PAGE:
In the past few weeks, the value of Live Nation Entertainment’s stock has dropped about 30 percent as the concerned investors ponder a host...

In the past few weeks, the value of Live Nation Entertainment’s stock has dropped about 30 percent as the concerned investors ponder a host of challenges to the live entertainment and ticketing giant.

On May 3, the stock, which trades under the symbol LYV, closed at $15.97, but as of yesterday, May 27, it closed at $12.21, a decline of about 30.8 percent. And, today the stock was trading well below that for parts of the day, but it ended up closing at the same price of $12.21.

During the month, the overall stock market has taken a beating due to debt concerns in Europe, among other things, but some of those issues have straightened out and the market rallied. Live Nation’s stock, however, has not yet fully rebounded.

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At least three issues could be contributing to the stock’s decline, industry insiders told TicketNews, all of which may only have an effect in the short term: TicketsNow, the New York ticketing law and the postponements of some high-profile tours.

The performance of the company’s ticket resale subsidiary TicketsNow has been a disappointment to Live Nation President and CEO Michael Rapino, he said earlier this month, and the company is trying to figure out what to do with it.

The likely scenario is that Live Nation will sell it, and it reportedly has been trying to do so for quite some time, but who wants to buy it, considering the way Rapino and Chairman Irving Azoff have disparaged the secondary ticket market? The company’s Ticketmaster division paid $265 million for TicketsNow, but it now might be worth a third of that.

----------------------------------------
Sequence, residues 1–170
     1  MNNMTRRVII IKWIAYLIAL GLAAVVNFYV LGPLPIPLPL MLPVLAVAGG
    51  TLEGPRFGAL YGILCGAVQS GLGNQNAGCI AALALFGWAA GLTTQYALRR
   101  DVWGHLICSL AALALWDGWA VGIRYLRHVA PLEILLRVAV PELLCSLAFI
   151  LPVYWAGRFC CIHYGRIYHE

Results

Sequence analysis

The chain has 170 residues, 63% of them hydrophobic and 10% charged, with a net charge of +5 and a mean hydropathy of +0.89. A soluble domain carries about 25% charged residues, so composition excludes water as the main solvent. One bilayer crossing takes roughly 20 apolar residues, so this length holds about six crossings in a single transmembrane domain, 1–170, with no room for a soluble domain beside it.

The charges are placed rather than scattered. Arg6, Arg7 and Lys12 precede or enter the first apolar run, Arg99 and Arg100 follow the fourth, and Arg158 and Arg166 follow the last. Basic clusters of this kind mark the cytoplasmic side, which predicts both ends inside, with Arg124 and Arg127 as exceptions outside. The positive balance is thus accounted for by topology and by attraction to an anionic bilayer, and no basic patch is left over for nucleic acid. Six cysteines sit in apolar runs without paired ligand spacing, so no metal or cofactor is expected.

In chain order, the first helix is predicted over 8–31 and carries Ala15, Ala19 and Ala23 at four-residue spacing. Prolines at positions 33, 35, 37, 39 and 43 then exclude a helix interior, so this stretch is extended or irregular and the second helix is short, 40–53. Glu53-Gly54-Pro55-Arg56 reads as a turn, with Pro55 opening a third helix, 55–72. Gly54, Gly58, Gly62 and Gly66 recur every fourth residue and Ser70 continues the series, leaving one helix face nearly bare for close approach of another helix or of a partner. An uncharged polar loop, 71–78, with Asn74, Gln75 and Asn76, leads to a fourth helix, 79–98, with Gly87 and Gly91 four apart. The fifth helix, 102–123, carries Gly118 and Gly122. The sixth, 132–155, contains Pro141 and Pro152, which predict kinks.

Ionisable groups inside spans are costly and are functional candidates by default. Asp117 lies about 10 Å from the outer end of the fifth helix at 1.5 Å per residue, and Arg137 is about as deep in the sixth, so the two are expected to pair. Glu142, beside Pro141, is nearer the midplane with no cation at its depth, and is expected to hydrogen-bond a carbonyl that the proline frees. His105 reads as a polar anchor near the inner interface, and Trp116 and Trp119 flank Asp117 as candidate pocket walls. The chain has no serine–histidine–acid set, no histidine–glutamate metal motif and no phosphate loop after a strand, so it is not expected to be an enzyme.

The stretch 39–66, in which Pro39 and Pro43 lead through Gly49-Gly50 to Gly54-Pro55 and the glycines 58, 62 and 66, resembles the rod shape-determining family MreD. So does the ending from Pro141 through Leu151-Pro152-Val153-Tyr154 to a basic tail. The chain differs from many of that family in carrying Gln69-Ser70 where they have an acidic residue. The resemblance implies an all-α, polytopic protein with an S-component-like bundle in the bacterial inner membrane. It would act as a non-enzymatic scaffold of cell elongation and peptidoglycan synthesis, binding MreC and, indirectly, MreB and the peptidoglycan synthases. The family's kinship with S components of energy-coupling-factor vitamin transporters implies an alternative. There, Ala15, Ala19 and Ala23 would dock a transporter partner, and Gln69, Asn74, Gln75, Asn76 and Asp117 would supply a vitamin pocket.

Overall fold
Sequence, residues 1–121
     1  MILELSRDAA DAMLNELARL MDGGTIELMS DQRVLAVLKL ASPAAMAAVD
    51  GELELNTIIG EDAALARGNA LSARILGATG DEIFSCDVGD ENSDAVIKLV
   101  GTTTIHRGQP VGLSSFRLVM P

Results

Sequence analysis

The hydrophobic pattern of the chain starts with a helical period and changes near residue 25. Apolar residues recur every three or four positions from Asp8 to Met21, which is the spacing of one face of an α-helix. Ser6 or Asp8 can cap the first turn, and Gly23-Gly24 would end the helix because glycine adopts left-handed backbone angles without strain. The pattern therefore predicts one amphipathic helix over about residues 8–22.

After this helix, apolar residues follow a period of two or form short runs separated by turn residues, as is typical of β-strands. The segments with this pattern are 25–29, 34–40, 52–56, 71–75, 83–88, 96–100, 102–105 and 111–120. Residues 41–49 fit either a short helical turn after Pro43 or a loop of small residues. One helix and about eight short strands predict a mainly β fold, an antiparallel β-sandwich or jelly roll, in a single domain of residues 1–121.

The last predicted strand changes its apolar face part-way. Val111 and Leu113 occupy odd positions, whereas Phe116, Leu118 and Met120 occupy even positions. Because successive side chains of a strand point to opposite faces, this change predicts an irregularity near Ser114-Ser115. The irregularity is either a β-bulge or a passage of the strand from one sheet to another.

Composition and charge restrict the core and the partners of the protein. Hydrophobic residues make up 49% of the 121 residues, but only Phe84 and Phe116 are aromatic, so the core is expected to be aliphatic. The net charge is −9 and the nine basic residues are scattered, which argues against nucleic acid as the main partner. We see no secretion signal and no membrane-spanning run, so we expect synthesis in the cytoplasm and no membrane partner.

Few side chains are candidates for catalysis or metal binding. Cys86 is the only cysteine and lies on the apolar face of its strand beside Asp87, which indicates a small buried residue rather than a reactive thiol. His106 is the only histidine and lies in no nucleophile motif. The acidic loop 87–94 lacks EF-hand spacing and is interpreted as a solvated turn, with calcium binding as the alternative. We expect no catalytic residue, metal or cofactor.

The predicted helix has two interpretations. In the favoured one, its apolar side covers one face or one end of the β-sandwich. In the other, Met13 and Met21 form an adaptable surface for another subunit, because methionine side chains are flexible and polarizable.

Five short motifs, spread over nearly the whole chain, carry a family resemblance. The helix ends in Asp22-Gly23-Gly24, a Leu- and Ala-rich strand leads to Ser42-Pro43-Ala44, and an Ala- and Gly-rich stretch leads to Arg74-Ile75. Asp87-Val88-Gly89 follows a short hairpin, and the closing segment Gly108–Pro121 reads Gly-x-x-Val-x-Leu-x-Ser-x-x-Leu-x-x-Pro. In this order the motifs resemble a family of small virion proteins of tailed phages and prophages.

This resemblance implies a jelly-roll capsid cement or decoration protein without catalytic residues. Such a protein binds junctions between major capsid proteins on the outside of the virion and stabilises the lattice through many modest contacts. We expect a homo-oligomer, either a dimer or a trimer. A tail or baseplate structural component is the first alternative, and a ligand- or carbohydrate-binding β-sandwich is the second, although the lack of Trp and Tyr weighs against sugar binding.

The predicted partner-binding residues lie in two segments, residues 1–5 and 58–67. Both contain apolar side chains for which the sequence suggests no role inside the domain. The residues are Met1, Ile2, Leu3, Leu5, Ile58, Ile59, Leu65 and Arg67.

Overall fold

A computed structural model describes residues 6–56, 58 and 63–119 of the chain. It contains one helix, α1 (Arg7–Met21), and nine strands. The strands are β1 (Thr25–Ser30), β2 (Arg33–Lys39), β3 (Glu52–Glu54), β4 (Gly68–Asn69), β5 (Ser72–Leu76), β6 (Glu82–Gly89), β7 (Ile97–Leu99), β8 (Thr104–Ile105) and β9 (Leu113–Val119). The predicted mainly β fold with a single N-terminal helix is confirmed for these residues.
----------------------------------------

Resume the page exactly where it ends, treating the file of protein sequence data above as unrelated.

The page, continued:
In New York, the company is in a pitched battle over paperless ticketing, a technology it believes is key to its future growth, in part because it offers consumers certain conveniences and allows the company to better control how tickets are distributed. Several New York legislators, including Gov. David Paterson, want paperless tickets as one of several options for consumers at check out, but that could create logistical hurdles for Live Nation, and could possibly delay the return on investment for the development of the technology.

When asked which issue was of the most concern to investors, financial analyst Ben Mogil of Thomas Weisel Partners, gave a succinct response, “Tours.”

This week, two major Live Nation-produced tours were shut down temporarily due to unexpected surgery in one case and prior commitments in the other. U2’s frontman Bono required back surgery recently, which led to the postponement of the band’s upcoming tour. In addition, Christina Aguilera postponed her upcoming tour because of scheduling issues with her new album and a new movie.

Both tours are expected to be rescheduled for 2011, but both were also expected to generate big dollars for the company this year, and nervous investors showed some of their displeasure by selling off some of the stock.

In a piece in the New York Times this week, Mogil was quick to add that the postponement of the those two tours will not have a material impact on the company’s earnings for 2010, but how the overall concert industry performs this year will.

“The real gauge of the health of the concert business is the strength of the 25 to 75 top shows, not the top 10 shows alone,” he told the Times.